The plaintiffs contend that pay "flowed from" Credico because the 2013 agreement incorporated a commission schedule for each campaign, stating that "[i]nvoicing by and payment to [DFW] shall be in accordance with the Subcontractor Commission Schedule." The plaintiffs contend that, although the schedule determined only the payments from Credico to DFW and not the payments received by the plaintiffs, this evidence, when taken in conjunction with Ward's testimony that he did not set the DFW commission schedules, suffices to put the fact of payment determination in dispute. Ward, however, testified that he did not know whether the schedules were set by Credico, and the plaintiffs provide no additional support for their assertion that Credico had any role in setting the commission schedules for payments from DFW to the plaintiffs.
The schedule for one campaign states that Credico "will pay to [DFW one hundred percent] of the reported sales that have the Installed status," makes provisions in case of fraud or negligence by DFW, reserves Credico's right to alter or amend the schedule, and provides payment rates to DFW for various sales.
The plaintiffs assert that Credico "maintained employment records" for DFW salespersons by receiving information through the ARC portal it required DFW to use -- the portal "track[ed] the sales agents that were working that day," as well as daily rankings of salespersons from DFW and pay reports broken down by salesperson. The record does not show that Credico received any reports as to the activity or employment of specific salespersons; to the contrary, Ward testified that Credico received reports directly from the clients rather than from DFW. Considering these factors and the totality of the circumstances, the plaintiffs have no reasonable expectation of proving that Credico was their joint employer, and therefore Credico is entitled to summary judgment.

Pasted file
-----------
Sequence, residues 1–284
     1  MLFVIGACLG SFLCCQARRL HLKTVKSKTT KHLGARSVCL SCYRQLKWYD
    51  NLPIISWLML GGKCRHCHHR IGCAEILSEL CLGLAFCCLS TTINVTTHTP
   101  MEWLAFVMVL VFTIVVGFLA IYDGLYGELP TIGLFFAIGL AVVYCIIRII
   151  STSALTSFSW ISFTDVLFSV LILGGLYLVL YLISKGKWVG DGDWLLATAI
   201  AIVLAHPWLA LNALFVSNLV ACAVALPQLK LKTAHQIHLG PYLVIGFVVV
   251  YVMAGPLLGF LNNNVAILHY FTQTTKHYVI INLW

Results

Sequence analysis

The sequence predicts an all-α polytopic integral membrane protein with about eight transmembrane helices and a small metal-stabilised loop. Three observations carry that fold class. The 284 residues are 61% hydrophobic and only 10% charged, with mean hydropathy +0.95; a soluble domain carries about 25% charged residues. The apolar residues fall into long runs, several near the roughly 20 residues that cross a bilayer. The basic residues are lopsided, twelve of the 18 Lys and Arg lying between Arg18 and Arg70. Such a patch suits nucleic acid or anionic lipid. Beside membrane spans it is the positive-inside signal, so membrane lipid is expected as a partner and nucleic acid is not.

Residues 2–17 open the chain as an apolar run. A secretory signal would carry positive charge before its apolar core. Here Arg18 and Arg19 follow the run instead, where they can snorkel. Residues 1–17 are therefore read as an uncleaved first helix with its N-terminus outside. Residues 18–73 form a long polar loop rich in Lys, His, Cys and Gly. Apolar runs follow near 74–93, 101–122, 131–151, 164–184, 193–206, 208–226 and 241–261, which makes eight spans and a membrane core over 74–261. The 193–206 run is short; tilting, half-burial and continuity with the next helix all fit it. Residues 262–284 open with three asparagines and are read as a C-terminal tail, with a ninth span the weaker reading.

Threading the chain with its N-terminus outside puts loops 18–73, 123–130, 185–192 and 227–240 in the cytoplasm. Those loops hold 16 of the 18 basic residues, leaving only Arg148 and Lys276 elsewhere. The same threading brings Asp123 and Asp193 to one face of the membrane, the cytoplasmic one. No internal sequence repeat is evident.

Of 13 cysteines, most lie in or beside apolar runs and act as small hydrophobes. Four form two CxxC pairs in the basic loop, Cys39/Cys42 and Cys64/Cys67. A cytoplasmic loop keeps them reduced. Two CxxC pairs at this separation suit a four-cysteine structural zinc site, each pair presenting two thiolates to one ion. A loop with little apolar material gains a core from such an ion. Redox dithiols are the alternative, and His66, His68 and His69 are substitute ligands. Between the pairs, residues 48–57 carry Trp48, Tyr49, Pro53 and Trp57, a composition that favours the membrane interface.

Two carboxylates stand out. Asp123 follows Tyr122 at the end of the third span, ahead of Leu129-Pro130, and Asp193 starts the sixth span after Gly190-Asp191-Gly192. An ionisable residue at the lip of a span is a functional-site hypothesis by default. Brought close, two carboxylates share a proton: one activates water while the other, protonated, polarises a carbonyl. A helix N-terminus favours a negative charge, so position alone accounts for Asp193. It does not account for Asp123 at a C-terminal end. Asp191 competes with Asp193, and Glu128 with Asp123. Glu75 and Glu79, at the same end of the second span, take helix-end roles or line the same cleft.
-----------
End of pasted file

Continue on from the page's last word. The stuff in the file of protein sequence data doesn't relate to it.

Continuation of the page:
Because we find that Credico was not the plaintiffs' joint employer and was thus not subject to the requirements of the wage laws, we need not address whether the plaintiffs fall into the outside sales exemption of G. L. c. 151, § 1A (4).
b. Motion for judgment on the pleadings.
As set forth supra, the judge granted Credico's motion for judgment on the pleadings as to Jackson's claims, concluding that they were barred by the doctrine of claim splitting in view of Jackson's decision to join a Federal action naming Credico as a defendant and asserting claims under the FLSA arising from wage violations. Jackson contends on appeal that the dismissal of his claims was in error. This court reviews de novo a decision granting or denying a motion for judgment on the pleadings. Hovagimian v. Concert Blue Hill, LLC, 488 Mass. 237, 240 (2021).